This Optical Illusion Has Your Brain Befuddled. What Do You See?
Human Brain is a lot of things – mysterious, wondrous, complex, and well, flawed. You remember how when you used to scroll down your Facebook feed, you’d often come across certain pictures that were optical illusions, and staring at them would give you a migraine? But you would still stare because there’s something insanely addictive about them? Yeah, we know.
A study at the Chinese Academy of sciences in Shanghai, showed that monkey brains, as do ours, experience a lag when we try to figure out an optical illusion called the ‘Pinna-Brelsaff’ illusion.
— New Scientist (@newscientist) February 19, 2019
The illusion has the circles moving clockwise as you move your head towards the screen and then anti-clockwise as you move away.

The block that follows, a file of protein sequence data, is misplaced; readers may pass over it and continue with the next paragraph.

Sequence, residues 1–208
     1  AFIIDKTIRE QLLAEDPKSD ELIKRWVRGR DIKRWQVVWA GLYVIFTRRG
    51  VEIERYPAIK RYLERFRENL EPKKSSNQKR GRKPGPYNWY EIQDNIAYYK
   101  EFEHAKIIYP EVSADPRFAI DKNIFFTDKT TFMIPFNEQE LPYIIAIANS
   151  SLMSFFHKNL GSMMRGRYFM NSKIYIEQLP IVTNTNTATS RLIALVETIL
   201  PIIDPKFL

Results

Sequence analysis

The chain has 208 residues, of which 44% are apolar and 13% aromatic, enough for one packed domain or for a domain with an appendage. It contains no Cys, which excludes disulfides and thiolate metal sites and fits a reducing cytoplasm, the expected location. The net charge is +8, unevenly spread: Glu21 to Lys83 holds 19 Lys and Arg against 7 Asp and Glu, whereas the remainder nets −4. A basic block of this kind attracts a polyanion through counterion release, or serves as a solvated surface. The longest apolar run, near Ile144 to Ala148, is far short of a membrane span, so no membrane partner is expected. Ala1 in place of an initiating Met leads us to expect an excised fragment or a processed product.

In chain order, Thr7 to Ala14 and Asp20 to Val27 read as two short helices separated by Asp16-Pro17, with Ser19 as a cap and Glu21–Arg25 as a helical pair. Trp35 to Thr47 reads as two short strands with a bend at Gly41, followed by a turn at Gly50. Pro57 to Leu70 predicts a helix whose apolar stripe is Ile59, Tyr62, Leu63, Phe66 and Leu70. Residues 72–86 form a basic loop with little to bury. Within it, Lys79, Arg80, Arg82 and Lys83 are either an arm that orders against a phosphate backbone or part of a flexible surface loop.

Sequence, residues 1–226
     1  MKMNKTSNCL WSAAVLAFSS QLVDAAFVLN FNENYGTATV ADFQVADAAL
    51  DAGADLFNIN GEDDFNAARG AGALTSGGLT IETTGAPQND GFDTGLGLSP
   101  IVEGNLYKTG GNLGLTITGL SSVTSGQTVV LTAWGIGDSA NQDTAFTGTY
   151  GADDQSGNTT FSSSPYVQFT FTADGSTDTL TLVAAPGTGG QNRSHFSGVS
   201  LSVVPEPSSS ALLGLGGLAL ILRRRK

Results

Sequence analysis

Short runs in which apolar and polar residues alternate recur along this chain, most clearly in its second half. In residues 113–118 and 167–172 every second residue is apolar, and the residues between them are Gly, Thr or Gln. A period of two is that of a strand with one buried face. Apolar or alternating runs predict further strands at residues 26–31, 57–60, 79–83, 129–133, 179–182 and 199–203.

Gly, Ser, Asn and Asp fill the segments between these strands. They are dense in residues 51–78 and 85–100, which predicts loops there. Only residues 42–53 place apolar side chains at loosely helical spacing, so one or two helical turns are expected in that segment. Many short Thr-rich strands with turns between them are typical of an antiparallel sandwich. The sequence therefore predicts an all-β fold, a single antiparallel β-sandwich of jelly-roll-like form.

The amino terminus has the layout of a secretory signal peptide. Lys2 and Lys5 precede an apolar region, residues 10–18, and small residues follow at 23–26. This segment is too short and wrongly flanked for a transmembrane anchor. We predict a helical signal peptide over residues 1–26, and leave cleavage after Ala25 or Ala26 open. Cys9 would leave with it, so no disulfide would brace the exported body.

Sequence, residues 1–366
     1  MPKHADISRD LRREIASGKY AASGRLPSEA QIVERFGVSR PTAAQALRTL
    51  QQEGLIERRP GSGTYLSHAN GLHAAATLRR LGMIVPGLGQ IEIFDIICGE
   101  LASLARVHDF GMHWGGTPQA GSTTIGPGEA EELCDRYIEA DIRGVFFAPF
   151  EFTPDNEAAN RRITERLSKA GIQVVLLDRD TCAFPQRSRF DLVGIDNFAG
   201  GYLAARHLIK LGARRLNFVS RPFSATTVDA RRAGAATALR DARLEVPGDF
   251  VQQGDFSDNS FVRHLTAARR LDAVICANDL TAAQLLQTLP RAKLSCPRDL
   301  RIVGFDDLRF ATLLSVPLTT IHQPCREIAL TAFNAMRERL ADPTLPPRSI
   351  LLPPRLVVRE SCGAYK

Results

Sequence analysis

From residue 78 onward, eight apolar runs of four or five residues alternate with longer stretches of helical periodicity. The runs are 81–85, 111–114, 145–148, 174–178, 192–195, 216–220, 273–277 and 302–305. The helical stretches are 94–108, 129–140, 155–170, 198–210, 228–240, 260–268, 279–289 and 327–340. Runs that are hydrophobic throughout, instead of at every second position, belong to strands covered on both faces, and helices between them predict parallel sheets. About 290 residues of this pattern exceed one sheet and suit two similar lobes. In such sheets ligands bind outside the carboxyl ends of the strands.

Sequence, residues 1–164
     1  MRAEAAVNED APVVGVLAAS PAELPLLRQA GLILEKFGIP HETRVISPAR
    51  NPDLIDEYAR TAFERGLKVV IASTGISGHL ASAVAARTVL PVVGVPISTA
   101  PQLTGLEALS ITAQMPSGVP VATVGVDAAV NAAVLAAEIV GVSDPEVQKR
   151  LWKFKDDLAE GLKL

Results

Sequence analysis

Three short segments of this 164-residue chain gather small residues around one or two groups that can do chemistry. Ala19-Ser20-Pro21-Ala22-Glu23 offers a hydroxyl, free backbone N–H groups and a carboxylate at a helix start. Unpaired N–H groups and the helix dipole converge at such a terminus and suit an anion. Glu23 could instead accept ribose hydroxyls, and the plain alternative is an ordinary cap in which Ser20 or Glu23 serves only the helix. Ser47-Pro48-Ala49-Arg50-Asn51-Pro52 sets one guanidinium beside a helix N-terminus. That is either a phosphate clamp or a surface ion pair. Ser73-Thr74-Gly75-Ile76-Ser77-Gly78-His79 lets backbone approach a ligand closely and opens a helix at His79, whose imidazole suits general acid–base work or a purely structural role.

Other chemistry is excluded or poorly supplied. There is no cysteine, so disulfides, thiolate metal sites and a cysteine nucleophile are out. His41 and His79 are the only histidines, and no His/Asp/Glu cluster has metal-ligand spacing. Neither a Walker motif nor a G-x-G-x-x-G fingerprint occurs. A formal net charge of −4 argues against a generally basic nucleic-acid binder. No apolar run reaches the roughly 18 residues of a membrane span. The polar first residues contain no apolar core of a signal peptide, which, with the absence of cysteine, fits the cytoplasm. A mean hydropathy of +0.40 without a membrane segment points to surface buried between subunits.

But the real reason behind this sorcery is that in reality, our brain has an instinct to quickly figure out what we are seeing. And in that attempt, it uses a shortcut. Now that does sound like something our brain would do.
In that apparent rush of guessing, our brain substitutes apparent motion with actual motion. Ian Max Andolina of the Chinese Academy of Sciences explained, “Our brains probably have the same delay, which may seem like a flaw. But they are just being efficient. When we see something, our brain tries to quickly guess what it is. Normally, that guess is pretty accurate because the physical rules of our environment are usually consistent. Here, your brain is using a shortcut, substituting apparent motion for actual motion.”
That sounds very scientific and complicated. Basically, in a rushed attempt to tell us what we are saying, your brain feeds us information which maybe slightly off. Great, so my brain’s messing with me now? Yes, pretty much.